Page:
It is understandable that since the holocaust Jews have demanded an end to Christian missionary activity among them, and that many Christians have felt embarrassed about continuing it. It is even mooted that Jewish evangelism is an unacceptable form of anti-Semitism. So some Christians have attempted to develop a theological basis for leaving Jews alone in their Judaism, reminding us that God's covenant with Abraham was an "everlasting covenant", they maintain that it is still in force, and that therefore God saves Jewish people through their own covenant, without any necessity for them to believe in Jesus. this proposal is usually called a "two-covenant theology". Bishop Krister Stendahl was one of the the first scholars to argue for it, [Stendahl, Paul Among Jews and Gentiles and Other Essays (Fortress, 1976; SCM, 1977)], namely that there are two different salvation "tracks" - the Christian track for the believing remnant and believing Gentiles, and the track for historical Israel which relies on God's covenant with them. Professor Dunn is surely right to reject this as "a false and quite unnecessary antithesis". [Dunn, James D.G., Romans 9-16, vol 38b in The Word Biblical Commentary (Word Books 1988) Cf., Sanders, E.P., Paul, the Law, and the Jewish People (Fortress, 1983, SCM, 1985) pp. 194ff. and p.205, n.88, and Ziesler, John, Paul's Letter to the Romans, in The Trinity Press International New Testament Commentaries (SCM and Trinity Press International, 1989), p. 285. For a comprehensive and sensitive statement on the propriety of Jewish evangelism, see The Willowbank Declaration on the Christian Gospel and the Jewish People (World Evangelical Fellowship, 1989)].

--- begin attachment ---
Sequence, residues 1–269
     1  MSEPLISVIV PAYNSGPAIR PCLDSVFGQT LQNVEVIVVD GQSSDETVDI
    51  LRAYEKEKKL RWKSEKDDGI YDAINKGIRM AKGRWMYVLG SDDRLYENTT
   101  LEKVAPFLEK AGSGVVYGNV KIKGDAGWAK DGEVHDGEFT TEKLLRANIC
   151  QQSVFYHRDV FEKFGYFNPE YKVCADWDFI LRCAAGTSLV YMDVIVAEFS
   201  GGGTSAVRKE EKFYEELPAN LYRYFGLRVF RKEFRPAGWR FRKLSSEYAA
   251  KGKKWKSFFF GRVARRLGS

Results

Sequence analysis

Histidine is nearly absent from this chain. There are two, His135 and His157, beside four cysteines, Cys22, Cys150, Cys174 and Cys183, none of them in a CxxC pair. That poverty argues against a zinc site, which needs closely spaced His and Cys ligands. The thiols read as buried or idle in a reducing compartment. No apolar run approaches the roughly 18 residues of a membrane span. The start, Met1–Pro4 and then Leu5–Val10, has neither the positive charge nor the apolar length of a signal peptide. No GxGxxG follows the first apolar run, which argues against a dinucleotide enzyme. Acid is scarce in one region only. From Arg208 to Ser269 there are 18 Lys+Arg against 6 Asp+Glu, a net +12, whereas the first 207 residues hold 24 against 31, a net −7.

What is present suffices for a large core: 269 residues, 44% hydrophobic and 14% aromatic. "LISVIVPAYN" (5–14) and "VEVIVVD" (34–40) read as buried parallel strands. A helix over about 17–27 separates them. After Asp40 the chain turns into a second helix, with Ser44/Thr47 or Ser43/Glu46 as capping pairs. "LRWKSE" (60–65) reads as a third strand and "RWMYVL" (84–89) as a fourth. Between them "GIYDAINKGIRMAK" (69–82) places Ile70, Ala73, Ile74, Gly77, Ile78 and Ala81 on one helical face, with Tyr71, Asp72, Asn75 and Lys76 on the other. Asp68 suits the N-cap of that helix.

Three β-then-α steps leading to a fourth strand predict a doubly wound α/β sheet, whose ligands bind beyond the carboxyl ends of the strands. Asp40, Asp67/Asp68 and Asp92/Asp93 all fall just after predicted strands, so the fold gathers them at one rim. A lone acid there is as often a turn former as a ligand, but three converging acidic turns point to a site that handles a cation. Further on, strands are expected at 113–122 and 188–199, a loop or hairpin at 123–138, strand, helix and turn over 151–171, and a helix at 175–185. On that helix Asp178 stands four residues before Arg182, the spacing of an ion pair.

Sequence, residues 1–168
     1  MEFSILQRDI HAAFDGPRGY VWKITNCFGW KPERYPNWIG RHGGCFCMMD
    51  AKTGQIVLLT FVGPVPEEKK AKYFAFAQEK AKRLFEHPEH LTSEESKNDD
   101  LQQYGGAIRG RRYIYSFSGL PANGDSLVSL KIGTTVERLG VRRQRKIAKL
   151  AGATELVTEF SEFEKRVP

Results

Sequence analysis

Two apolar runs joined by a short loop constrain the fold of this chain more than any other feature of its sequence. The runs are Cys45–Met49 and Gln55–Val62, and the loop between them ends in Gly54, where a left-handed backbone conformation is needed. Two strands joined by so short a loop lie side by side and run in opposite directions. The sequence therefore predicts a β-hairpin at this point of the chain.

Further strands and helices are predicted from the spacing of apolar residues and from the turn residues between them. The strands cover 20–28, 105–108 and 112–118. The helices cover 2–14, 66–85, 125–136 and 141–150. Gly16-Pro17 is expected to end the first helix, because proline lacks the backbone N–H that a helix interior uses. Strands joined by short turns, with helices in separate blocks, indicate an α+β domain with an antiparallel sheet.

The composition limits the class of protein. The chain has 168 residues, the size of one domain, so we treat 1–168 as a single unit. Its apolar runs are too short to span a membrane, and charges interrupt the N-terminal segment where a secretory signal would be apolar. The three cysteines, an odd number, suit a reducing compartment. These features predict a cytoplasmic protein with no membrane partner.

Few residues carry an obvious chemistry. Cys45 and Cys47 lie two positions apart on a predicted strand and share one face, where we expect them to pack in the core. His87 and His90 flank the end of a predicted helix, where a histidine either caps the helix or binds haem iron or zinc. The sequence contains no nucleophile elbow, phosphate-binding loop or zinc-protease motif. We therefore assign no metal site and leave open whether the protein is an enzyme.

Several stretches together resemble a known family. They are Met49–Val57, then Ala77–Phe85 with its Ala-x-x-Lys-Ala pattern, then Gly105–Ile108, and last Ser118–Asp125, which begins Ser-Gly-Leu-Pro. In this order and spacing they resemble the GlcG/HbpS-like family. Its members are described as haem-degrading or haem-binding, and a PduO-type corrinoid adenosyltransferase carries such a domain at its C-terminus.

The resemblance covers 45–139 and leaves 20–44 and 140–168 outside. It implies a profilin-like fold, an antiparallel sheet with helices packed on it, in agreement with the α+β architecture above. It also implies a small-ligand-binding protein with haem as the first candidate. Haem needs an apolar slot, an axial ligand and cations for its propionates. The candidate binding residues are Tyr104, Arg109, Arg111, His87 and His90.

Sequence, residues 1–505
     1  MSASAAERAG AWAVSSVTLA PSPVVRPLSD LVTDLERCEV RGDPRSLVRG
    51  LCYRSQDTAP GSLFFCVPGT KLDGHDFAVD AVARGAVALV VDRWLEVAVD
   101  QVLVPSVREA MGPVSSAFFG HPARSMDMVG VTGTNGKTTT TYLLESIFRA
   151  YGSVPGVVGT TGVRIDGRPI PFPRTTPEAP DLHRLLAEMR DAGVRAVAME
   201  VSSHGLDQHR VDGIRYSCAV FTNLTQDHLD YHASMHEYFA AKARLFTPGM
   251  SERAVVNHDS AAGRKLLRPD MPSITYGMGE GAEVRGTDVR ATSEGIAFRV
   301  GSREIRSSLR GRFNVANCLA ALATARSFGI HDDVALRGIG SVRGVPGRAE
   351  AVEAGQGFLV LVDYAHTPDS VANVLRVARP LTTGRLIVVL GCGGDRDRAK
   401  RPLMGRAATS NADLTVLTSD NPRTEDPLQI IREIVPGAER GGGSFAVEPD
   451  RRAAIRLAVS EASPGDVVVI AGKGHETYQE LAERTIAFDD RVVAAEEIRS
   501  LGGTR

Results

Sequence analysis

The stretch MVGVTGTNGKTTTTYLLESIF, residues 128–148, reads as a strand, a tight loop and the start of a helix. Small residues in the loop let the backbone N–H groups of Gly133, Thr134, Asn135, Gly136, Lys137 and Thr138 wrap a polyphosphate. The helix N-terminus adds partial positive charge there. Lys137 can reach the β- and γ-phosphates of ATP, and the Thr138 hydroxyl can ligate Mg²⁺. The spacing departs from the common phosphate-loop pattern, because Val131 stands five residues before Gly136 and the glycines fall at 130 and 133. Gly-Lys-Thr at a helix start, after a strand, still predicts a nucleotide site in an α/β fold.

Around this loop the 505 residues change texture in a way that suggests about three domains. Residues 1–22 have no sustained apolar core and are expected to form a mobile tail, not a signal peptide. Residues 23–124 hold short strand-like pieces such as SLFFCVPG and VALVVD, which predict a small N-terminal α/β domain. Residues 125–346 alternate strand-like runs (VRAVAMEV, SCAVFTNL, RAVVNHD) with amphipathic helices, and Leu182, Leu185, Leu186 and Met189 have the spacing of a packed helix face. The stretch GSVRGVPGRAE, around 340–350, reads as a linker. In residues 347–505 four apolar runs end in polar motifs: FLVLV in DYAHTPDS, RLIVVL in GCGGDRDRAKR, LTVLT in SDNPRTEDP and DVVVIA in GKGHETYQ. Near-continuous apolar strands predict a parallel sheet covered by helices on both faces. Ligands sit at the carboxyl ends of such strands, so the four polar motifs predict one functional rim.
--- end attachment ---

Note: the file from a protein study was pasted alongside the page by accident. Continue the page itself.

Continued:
-John R.W. Stott, in The Message of Romans: Good News for the World, (InterVaristy Press 1994) p. 304. (The notes are his as well, of course.) (Stott follows with further discussion after the passage I quote. I will add that further discussion later with an update.)